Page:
Uterine Cancer - Describe Your Experience

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What is uterine cancer (endometrial cancer)?

Cancer begins in cells, the building blocks that make up tissues. Tissues make up the uterus and the other organs of the body.

Normal cells grow and divide to form new cells as the body needs them. When normal cells grow old or get damaged, they die, and new cells take their place.

Sometimes, this process goes wrong. New cells form when the body doesn't need them, and old or damaged cells don't die as they should. The buildup of extra cells often forms a mass of tissue called a growth or tumor.

Tumors in the uterus can be benign (not cancer) or malignant (cancer). Benign tumors are not as harmful as malignant tumors:

  • Benign tumors (such as a fibroid, a polyp, or endometriosis):
    • are usually not a threat to life
    • can be treated or removed and usually don't grow back
    • don't invade the tissues around them
    • don't spread to other parts of the body
  • Malignant growths:
    • may be a threat to life
    • usually can be removed but can grow back
    • can invade and damage nearby tissues and organs (such as the vagina)
    • can spread to other parts of the body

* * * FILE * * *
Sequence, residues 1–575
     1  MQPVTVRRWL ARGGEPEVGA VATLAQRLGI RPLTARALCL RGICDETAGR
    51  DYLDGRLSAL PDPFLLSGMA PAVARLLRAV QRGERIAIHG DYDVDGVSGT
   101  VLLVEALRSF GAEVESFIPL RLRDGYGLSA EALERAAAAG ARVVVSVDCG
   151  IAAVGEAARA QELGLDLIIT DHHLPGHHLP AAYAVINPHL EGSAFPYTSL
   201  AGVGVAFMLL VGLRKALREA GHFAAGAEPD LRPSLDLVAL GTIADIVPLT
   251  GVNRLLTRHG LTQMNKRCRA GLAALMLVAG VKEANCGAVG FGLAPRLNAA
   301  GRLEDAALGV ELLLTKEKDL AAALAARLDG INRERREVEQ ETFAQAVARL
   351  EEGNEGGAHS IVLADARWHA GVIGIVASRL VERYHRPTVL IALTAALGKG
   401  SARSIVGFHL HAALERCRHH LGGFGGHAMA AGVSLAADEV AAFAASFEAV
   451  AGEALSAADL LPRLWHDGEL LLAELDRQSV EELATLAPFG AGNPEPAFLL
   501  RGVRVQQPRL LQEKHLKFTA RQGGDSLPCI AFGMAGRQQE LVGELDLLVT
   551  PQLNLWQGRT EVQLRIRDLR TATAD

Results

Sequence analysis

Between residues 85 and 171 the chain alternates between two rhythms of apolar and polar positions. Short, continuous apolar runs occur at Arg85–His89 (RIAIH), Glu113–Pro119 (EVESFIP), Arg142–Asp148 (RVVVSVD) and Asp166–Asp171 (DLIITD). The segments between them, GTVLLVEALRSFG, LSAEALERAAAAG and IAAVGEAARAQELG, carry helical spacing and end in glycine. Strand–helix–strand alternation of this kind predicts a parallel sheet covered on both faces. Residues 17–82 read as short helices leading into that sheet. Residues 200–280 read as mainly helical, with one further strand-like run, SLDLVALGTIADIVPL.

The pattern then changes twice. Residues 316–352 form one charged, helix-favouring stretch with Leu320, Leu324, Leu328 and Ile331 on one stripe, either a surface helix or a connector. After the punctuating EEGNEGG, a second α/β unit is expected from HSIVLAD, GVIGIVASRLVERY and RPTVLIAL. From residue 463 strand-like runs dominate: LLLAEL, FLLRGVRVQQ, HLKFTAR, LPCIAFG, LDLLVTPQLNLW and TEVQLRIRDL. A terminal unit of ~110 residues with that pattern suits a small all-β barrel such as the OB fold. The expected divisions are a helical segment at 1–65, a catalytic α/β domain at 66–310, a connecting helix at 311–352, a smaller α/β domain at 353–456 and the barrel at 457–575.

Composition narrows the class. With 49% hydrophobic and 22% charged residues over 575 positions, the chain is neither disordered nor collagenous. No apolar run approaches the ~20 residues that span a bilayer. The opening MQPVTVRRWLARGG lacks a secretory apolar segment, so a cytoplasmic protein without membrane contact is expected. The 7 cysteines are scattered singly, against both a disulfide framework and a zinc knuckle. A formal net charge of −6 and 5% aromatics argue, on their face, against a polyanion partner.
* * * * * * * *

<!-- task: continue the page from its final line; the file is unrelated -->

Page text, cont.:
Cancer cells can spread by breaking away from the uterine tumor. They can travel through lymph vessels to nearby lymph nodes. Also, cancer cells can spread through the blood vessels to the lung, liver, bone, or brain. The process of spreading is called metastasis. By metastasizing, cancer cells may invade and attach to other tissues and grow to form new tumors that may damage those tissues. See the Staging section for information about uterine cancer that has spread.

Female Illustration - Cancer of the Uterus (Uterine Cancer)
Picture of the uterus
Return to Uterine Cancer

See what others are saying

Comment from: mary, 45-54 Female (Patient) Published: January 23

I am a 49 years old woman with a diagnosed uterus cancer grade 1, 2 days ago and my doctor said I should have total hysterectomy the next week and after that according to pathology he will decide about other treatment. My older sister had the same problem 5 years ago and was treated with surgery and radiotherapy and every 6 months she is checked for reoccurring but she has not any sign. I am worried now and I can't do anything but I try to be positive and change my diet (more vegetarian) and exercise.

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Comment from: Cathy, 55-64 Female (Patient) Published: January 27

I had spotting in July, Pap test was inconclusive and told not to worry. I wouldn't take inconclusive as a diagnosis. Months went by with two other tests that were inconclusive and still told not to worry. I went for D&C and endometrial cancer was found. I went to an oncologist for second opinion and had surgery in December. Prognosis is excellent. Never accept "don't worry as a diagnosis!" We have to be our own advocate regarding our healthcare and ask questions. We know when something is "just not right".

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